If there is a single borough that embodies the spirit of Berlin, Kreuzberg is the undeniable choice. Kreuzbergers hold the leftist of left-wing politics. It has been home to some of Germany’s most infamous leftist political activists, with some buildings even named after them like the Georg von Rauch Haus. It has been a safe-haven for refugees. It is the heart of Berlin’s famous street art scene. Even more to the point, it is the place where thousands of locals will attend a rally to protest a single old lady being evicted from her apartment. Kreuzberg is the pulse of Berlin’s beating heart, always changing, but never changed. This is the borough where David Bowie and Iggy Pop used to come to go clubbing. They played the opening show of SO36, a venue that founded the punk scene in Berlin and has since become an institution. SO36 is on the Eastern end of Oranienstrasse, and down all the way to the other end you will find a thriving night life with great food and unique bars. It’s the perfect place to pre-funk before you head to Friedrichshain to hit the clubs, or stroll around during the day to soak up the vibe.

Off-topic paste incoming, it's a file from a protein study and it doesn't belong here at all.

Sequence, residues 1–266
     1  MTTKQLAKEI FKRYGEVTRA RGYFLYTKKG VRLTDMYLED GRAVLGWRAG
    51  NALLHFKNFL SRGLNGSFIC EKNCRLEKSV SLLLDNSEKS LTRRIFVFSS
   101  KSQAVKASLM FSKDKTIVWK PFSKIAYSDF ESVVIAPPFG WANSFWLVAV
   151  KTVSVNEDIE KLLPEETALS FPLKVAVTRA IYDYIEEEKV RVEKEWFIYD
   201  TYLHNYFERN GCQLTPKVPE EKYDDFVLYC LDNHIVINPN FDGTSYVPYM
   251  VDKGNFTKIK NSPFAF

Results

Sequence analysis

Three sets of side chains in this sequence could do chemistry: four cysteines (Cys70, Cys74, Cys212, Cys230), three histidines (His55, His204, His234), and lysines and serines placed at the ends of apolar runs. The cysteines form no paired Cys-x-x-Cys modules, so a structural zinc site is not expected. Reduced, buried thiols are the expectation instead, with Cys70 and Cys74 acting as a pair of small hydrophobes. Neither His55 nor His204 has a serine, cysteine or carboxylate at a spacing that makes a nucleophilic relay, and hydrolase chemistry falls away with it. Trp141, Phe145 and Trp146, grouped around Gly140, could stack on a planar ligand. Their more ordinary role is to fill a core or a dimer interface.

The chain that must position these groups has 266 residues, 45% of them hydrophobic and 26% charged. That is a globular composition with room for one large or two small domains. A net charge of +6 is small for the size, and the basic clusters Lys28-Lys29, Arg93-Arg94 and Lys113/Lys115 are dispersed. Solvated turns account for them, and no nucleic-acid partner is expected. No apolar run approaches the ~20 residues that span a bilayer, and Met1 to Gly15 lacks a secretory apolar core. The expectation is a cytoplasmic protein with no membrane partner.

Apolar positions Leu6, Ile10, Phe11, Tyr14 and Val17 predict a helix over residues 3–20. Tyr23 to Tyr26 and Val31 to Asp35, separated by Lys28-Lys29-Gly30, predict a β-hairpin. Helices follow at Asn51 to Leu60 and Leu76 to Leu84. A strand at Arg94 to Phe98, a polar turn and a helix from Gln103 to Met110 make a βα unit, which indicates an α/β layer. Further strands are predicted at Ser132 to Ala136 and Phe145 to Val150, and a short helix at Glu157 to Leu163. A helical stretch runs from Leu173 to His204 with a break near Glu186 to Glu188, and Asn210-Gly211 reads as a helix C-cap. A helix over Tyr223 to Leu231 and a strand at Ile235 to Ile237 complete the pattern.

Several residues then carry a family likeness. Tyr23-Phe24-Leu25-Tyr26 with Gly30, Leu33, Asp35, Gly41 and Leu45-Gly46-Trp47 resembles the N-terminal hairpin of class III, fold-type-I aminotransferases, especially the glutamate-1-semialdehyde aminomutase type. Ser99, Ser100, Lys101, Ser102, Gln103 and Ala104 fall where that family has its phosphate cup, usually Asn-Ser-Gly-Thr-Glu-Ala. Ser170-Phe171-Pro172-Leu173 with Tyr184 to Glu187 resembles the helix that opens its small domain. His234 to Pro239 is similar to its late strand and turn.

Still proudly wearing the crown for Berlin’s Capitol of Clubbing for this decade, Friedrichshain is where you go to party all night (or weekend) long. Most people are visiting Berlin from cities that have laws enforcing when you can and cannot drink. Bars and clubs actually have a closing time. Not so here. It’s entirely possible to leave your place to party on Friday evening and not make it home till Monday morning. In Freidrichshain you will find the infamous Berghain, and a 15 min walk away in the heart of F-shain is Reichsbahnausbesserungswerk (Don’t worry. Everyone here just calls it RAW). RAW was a Nazi train station that was completely bombed out in WWII. It wasn’t until the 1990’s that people moved in to reclaim it, so today you will find a plethora of the coolest, strangest places to keep you busy all day and all night long – some of Berlin’s best clubs, art galleries, a world-class skate park (featured in the first version of Tony Hawk’s Pro Skater), a rock wall built onto a WWII bomb shelter, a vegan strong-man gym, restaurants, cafés, and a weekend flea market, just to name a few. Right next to RAW is Simon-Dach Strasse, which could alternatively be called “Bars, Bars, and more bars”. If you want to party, party on in Friedrichshain.